Plaintiff, proceeding pro se, filed his complaint on November 15, 2012. Plaintiff's claims were later clarified and amended by his sworn testimony at the Spears [7] hearing in this case. Plaintiff alleges that Defendant Delane Butler, an officer at JDCJ, conducted a search of his cell and threw away Plaintiff's belongings, which he estimates had a value of $75.[8] Plaintiff also claims that Butler threw away legal mail, which he alleges might have contained a document that could have exonerated his later conviction of aggravated assault.[9] Plaintiff alleges that Butler acted against him in retaliation for the role he played in Butler losing her job at Lawrence County Jail.[10] Plaintiff alleges that he wrote letters to Defendant Charles Johnson advising him of the incident with Butler, but that Johnson responded that there was nothing he could do and that Plaintiff's complaints were unimportant. Davis also asserts that he notified Defendant Ronald Strickland, the Sherriff in Jefferson Davis County, of the incident, but that Strickland did nothing to help him.[11]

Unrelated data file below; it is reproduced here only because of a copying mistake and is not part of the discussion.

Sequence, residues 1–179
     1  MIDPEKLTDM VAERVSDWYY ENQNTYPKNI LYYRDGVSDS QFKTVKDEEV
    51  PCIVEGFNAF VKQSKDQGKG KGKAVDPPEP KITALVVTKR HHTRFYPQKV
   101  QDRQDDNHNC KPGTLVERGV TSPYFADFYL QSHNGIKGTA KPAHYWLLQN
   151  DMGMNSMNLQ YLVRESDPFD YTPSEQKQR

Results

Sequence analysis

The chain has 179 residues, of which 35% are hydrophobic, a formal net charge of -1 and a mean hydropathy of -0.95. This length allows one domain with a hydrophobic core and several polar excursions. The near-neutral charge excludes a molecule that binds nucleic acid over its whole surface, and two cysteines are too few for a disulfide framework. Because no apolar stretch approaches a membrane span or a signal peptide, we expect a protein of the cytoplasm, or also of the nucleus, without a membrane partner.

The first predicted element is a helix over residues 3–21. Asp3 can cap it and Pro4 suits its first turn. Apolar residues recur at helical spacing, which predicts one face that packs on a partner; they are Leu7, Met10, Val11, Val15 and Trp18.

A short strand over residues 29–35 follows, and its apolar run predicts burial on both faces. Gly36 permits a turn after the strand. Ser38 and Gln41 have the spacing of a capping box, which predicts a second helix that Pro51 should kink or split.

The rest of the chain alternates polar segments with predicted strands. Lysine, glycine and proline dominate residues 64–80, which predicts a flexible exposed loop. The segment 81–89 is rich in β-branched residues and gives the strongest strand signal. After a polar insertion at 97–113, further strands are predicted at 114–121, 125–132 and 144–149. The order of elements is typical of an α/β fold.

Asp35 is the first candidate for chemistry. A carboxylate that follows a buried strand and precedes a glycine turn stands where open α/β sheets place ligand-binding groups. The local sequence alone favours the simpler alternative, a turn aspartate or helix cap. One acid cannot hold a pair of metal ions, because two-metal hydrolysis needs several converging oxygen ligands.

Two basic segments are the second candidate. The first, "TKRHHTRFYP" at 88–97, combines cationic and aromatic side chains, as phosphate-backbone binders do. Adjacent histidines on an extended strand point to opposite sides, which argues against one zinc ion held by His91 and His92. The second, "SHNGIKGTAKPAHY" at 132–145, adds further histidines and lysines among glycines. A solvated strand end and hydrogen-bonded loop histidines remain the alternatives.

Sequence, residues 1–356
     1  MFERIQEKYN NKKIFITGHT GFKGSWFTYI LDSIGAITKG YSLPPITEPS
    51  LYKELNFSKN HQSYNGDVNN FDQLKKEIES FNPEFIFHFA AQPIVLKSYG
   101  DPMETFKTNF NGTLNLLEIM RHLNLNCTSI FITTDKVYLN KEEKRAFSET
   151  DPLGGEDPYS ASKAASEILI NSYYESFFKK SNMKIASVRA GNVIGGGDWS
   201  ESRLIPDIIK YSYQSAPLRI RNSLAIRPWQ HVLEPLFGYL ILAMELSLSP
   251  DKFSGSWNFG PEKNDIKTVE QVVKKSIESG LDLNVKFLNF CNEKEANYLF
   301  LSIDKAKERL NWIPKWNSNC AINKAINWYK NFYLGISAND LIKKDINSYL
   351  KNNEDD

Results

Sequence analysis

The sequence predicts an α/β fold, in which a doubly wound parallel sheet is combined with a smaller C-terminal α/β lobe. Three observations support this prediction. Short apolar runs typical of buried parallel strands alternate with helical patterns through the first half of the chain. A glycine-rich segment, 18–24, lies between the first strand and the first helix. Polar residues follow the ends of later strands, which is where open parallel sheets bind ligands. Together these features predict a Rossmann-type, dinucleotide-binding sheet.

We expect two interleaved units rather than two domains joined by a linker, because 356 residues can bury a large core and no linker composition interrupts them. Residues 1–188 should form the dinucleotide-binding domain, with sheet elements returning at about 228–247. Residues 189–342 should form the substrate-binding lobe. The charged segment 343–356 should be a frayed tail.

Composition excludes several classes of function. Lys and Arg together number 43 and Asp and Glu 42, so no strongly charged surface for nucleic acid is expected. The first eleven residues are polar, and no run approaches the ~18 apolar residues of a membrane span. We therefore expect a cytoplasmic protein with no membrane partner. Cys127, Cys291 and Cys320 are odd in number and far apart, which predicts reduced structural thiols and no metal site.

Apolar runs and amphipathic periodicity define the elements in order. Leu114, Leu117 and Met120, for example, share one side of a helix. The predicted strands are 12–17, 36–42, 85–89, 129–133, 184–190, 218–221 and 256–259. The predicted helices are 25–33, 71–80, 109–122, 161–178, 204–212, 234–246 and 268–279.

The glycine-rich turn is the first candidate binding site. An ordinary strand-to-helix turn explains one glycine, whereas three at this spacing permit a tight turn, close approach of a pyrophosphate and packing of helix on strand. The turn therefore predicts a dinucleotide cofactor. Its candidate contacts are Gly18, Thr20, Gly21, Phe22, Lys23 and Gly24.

In addition, Plaintiff alleges that Defendant Rodney Bass denied him proper medical care. Plaintiff alleges that Bass refused to bring Plaintiff Vaseline and other medications, which Plaintiff needed to treat his psoriasis.[12] Plaintiff claims that he was deprived of this medication for three months, and that he was in extreme discomfort during that time.[13] Plaintiff seeks reimbursement of $75 for his lost property and unspecified emotional distress damages.

On April 3, 2014, Defendants filed their Motion to Dismiss and/or for Summary Judgment [39]. In their Motion, Defendants argue that Plaintiff's claims should be dismissed because: (1) Plaintiff has failed to exhaust his administrative remedies; (2) Plaintiff has failed to demonstrate a violation of his constitutional rights; (3) the relief sought by Plaintiff is moot; and (4) Defendants are entitled to qualified immunity.

STANDARD